It may be early days in this transfer window, but Chelsea manager Antonio Conte is no exception in wanting to have new players added to his squad as soon as possible.
He returns from Italy later this week ahead of preseason with no major targets yet signed and sealed.
Attempts to strengthen a title-winning squad have so far drawn something of a blank, beyond the arrival of reserve goalkeeper Willy Caballero.
Deals for Juventus left-back Alex Sandro, Roma central defender Antonio Rudiger and Monaco midfielder Tiemoue Bakayoko remain possible —
the treble swoop could cost north of £125m and would put Chelsea ahead of the game — but progress has been slow.
If there is a consolation, fans fearing a repeat performance of the rancorous summer of 2015, which eventually cost Jose Mourinho his job,
can console themselves that none of the Premier League’s elite are currently finding life easy in the market. English football’s swollen wealth has increased the premiums and £40 million has become a par price.
Conte’s own future of is not exactly cast-iron either. Any fissures are not as deep as those which caused Mourinho’s dramatic slide towards the exit door but a contract extension has not been signed quite yet.
“The money is important only at this level to give the real value of a player or the coach,” Conte said in May, a nod to his status as the lowest-paid of the top six’s managers. “If you show you deserve it, you have earned money.”
Signing that extension probably remains a formality despite Conte’s hints at a return to his home country. When Luciano Spalletti took the vacant manager’s
position at Inter last month, it closed off the most obvious escape route and was greeted with relief among a fan base that have taken the Italian to their hearts.
Not that supporters should get too attached; the history of the Roman Abramovich era points to there being no such thing as permanence at Stamford Bridge.
Should Conte repeat last season’s success, there can still be no guarantees that he can build a dynasty in West London, for Chelsea have prolifically sacked successful managers in the past.
No other Premier League club has matched such powers of reinvention and revival. Since Abramovich’s 2003 takeover,
he has employed 12 different managers, of which seven lifted trophies; only Manchester United have matched Chelsea’s five Premier League titles in that period.
But failing to build on last season’s stroll to the title would be a terribly wasted opportunity and a cycle of boom and bust — as champions in 2015-16, Chelsea finished 10th —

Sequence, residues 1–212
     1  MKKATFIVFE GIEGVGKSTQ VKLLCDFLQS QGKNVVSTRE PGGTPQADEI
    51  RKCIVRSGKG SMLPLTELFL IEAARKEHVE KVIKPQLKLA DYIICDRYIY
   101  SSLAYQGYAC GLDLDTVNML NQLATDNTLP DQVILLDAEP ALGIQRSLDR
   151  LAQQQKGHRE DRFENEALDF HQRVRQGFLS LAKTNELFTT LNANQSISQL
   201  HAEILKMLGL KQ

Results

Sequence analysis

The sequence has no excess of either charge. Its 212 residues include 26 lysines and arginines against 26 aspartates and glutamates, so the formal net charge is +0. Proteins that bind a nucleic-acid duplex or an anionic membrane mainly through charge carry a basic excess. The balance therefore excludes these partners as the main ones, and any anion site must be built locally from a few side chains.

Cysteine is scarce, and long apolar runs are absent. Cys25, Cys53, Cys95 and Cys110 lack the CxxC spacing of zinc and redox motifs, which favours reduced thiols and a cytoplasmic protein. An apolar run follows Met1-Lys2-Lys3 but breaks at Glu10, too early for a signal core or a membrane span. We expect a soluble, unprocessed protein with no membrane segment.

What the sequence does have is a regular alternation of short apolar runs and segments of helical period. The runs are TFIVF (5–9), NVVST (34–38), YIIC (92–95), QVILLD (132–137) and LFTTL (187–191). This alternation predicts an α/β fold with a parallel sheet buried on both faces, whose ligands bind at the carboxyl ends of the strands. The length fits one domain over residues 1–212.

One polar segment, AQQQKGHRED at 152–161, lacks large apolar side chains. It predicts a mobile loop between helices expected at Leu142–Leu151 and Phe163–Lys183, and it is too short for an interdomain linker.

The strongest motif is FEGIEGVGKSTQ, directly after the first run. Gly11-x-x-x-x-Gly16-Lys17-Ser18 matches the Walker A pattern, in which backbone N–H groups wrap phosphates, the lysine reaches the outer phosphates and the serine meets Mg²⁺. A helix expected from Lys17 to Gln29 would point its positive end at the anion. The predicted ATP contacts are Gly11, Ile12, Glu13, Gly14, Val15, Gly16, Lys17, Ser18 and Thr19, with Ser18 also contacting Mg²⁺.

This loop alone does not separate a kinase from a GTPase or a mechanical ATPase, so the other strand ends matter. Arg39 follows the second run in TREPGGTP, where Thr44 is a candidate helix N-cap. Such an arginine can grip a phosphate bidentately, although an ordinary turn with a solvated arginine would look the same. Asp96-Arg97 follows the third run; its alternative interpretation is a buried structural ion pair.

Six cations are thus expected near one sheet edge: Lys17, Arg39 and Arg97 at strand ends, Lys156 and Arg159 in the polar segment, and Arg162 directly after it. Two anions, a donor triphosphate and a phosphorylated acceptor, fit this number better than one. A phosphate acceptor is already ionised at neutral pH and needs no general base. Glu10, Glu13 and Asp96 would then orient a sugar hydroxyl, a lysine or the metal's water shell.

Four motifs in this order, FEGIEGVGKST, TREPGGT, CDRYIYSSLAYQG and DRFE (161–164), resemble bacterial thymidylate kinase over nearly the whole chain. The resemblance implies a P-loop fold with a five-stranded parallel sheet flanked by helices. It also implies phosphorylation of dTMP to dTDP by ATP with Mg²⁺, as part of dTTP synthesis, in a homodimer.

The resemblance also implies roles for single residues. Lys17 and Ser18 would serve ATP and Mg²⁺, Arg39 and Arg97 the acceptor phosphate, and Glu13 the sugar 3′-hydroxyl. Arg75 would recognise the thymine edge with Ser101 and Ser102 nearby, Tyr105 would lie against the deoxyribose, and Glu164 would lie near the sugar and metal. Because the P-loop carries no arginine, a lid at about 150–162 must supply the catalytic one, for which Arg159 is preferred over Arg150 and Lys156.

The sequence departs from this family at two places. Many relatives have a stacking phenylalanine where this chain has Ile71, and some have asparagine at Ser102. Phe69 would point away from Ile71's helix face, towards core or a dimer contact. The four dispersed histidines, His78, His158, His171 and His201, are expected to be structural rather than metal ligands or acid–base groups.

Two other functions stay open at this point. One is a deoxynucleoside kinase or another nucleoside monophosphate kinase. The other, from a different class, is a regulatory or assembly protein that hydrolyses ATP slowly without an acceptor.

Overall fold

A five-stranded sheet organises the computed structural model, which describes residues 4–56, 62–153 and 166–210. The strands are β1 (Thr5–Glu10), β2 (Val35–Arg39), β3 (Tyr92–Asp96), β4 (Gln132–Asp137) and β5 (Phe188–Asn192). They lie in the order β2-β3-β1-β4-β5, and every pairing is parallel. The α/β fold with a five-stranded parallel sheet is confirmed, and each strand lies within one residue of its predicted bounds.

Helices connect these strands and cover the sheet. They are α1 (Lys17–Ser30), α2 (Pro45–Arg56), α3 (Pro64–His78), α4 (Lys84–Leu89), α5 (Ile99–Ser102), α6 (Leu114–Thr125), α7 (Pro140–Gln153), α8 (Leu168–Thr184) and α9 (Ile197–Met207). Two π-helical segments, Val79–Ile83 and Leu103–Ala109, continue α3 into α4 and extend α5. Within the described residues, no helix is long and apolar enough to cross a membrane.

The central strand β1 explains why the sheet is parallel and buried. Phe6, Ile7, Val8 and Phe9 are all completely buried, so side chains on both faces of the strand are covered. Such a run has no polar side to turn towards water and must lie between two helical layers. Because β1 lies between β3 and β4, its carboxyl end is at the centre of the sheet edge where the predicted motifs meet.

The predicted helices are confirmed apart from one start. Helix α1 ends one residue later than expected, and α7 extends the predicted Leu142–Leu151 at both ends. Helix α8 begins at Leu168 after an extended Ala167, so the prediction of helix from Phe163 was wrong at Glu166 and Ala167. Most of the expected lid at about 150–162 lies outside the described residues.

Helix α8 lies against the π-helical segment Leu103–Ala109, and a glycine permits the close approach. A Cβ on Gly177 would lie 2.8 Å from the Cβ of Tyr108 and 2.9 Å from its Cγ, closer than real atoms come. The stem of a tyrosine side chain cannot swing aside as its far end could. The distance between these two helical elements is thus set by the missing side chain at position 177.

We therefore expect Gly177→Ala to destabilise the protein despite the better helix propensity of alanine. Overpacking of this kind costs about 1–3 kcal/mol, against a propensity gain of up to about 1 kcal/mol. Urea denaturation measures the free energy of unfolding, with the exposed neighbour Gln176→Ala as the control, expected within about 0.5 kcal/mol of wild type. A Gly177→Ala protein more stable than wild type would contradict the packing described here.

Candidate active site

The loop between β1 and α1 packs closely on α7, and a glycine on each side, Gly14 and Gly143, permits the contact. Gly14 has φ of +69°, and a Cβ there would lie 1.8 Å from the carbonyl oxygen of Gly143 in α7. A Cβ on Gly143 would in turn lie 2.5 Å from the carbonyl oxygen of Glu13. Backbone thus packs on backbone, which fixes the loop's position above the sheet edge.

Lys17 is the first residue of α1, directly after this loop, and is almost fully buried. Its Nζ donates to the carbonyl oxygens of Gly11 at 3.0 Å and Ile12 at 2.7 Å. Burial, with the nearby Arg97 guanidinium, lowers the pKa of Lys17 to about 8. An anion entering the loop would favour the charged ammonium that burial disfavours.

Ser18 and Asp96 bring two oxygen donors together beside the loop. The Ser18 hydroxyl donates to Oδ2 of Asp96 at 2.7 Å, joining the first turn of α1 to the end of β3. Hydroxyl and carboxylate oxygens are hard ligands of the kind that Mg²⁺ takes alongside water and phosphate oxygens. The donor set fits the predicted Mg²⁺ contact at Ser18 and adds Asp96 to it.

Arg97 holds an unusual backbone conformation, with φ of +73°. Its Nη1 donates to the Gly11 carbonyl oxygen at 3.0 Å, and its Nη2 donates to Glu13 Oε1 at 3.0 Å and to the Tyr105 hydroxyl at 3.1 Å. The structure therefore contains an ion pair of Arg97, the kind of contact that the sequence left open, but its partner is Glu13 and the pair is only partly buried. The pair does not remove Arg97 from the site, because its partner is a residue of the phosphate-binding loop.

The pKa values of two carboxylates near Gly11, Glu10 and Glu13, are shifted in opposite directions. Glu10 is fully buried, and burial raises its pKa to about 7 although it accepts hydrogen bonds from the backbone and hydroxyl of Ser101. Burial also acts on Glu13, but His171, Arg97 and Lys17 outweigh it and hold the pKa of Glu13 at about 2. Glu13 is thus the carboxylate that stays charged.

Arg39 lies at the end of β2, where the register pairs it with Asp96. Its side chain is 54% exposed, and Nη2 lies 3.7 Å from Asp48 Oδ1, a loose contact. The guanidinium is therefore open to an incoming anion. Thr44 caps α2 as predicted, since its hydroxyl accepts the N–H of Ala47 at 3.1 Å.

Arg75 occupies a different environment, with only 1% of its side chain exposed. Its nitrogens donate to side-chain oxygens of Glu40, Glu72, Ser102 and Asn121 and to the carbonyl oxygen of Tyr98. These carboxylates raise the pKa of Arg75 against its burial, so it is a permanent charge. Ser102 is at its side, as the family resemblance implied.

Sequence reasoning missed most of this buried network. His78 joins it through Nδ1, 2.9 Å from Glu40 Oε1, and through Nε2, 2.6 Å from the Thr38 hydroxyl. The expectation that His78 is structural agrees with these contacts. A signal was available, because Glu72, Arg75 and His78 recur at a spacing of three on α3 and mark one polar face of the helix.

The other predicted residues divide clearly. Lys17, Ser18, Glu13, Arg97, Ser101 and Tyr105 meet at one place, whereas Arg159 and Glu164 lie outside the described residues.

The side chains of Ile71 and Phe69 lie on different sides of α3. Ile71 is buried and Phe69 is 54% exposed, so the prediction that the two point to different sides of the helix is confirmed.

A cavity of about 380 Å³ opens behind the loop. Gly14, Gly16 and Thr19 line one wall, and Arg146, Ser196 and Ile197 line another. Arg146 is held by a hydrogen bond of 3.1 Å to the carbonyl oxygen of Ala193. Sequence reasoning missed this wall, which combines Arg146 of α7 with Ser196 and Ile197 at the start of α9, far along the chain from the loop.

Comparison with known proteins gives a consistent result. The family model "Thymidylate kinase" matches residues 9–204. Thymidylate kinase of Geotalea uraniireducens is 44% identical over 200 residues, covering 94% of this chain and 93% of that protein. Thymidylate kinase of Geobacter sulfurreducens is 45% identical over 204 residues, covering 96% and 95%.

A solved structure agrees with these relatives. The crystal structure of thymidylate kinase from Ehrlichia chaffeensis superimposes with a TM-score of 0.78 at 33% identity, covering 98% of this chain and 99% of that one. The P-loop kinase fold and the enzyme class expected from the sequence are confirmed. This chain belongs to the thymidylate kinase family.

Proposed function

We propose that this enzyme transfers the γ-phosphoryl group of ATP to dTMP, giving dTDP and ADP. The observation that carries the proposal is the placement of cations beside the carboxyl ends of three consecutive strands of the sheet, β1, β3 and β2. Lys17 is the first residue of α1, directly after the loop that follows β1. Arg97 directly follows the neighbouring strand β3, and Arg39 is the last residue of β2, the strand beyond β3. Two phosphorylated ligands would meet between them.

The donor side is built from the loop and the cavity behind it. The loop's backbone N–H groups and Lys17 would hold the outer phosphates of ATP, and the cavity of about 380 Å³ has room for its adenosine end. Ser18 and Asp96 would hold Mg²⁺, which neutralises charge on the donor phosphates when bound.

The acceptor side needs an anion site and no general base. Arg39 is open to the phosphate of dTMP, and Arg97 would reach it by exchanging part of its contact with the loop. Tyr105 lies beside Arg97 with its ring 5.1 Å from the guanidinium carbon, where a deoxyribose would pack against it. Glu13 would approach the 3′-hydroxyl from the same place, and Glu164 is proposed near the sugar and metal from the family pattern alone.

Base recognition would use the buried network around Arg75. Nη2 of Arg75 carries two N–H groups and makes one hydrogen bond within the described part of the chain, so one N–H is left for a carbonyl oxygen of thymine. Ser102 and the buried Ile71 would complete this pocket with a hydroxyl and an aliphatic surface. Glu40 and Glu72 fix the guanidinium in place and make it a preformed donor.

must be avoided. Further, as well as defending their domestic crown, Chelsea are back in the Champions League after not playing European football last season.
Two years ago, Mourinho cut an agitated figure as moves for Paul Pogba and John Stones failed and he was instead given the underwhelming use of players like Radamel Falcao,
Baba Rahman, Michael Hector and, last and by no means least, Papy Djilobodji, a defender Mourinho suggested he had barely heard of.
Mourinho’s relationship with technical director Michael Emenalo reached breaking point.
Conte, by contrast, gets on well with the Nigerian and skysports sources suggest the manager’s unceremonious dumping of Costa by text message, which might reduce a sale price, left no lasting acrimony.
that summer. Even Michy Batshuayi eventually delivered, the new arrival scoring the goal at West Brom that secured the title.
A year on, Chelsea have money to spend, with approximately £60m having been recouped from the sales of Nathan Ake to Bournemouth, Juan Cuadrado to Juventus, Asmir Begovic to Bournemouth, Bertrand Traore to Lyon and Christian Atsu to Newcastle.
Nemanja Matic’s sale to Mourinho at United would bring in an extra £40m, which in turn can be added to the £50m January sale of Oscar to Shanghai SIPG,
as well as the £900m Nike sponsorship deal that Granovskaia secured last October and £150m in prize money from last season’s title success.
Will Chelsea need to redraw past transfer practices, though? While Abramovich always spends big, his club have rarely become embroiled in bidding wars.
The preferred tactic is to move quickly to deal, or swiftly withdraw. To satisfy Conte, persistence looks to be a requirement of the current w